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Invasive Pests are Significantly Decreasing U.S. Forests’ Ability to Store Carbon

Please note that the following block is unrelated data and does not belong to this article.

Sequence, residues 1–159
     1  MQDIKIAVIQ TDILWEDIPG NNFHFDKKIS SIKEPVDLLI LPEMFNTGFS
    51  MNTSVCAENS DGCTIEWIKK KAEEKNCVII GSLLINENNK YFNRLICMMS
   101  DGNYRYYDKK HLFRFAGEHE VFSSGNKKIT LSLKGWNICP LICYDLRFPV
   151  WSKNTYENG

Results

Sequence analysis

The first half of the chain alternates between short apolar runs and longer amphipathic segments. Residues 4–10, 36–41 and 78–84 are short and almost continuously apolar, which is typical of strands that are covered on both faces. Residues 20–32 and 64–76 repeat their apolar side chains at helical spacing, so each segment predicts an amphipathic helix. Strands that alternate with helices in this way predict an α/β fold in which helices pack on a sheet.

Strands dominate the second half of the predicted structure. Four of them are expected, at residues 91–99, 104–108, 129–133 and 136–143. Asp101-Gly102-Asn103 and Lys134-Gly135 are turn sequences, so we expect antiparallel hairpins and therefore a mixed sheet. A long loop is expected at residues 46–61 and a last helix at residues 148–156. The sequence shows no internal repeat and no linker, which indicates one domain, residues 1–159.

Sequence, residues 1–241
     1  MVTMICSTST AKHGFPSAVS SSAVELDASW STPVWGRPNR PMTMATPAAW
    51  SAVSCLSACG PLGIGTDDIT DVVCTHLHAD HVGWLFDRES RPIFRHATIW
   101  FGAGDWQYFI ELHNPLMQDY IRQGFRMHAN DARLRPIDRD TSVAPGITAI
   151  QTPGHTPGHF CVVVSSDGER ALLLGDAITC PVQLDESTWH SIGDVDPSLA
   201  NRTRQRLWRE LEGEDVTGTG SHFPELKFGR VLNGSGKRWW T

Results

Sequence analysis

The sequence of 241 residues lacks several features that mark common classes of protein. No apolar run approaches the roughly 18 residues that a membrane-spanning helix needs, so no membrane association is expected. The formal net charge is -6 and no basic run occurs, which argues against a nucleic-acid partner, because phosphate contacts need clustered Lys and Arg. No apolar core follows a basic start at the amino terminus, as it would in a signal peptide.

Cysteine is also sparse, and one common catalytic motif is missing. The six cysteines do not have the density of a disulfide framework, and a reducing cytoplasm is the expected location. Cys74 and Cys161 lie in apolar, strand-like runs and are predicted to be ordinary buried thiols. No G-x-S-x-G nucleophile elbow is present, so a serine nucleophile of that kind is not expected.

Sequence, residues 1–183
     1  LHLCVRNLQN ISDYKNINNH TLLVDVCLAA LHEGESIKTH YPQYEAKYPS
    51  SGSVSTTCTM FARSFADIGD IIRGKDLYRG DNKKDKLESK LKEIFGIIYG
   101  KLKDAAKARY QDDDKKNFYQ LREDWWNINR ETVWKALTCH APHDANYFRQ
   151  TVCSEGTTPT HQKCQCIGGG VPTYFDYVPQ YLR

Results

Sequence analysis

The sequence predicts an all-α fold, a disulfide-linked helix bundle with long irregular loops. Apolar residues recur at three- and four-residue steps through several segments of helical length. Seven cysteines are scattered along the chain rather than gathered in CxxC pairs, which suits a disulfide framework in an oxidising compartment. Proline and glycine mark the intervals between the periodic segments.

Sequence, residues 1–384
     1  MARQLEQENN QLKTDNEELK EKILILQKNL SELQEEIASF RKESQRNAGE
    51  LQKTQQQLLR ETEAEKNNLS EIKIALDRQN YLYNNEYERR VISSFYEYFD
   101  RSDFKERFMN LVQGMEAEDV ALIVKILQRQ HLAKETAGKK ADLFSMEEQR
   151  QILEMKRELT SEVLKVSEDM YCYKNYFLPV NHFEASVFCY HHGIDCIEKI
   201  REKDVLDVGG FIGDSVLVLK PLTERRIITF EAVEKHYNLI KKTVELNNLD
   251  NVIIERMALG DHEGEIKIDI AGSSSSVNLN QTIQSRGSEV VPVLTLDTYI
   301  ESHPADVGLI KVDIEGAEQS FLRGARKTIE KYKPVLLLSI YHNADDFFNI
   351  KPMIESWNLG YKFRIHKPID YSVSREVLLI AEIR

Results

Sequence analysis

More than 450 non-native insects and diseases have found their way into U.S. forests, and the millions of trees killed by these pests each year contain more than 5.53 teragrams of carbon (TgC) — equal to the emissions of 4.4 million cars, or the carbon released by one-fifth of all wildfires in the U.S. annually, according to a new study.  The study, led by researchers at the U.S. Department of Agriculture and Purdue University, looked at tree mortality from non-native pests at 92,978 field plots in the contiguous U.S. It focused on 83 pests known to have caused significant damage to U.S. forests, including the emerald ash borer, dutch elm disease, gypsy moth, and beech bark disease.  Read more.....

 

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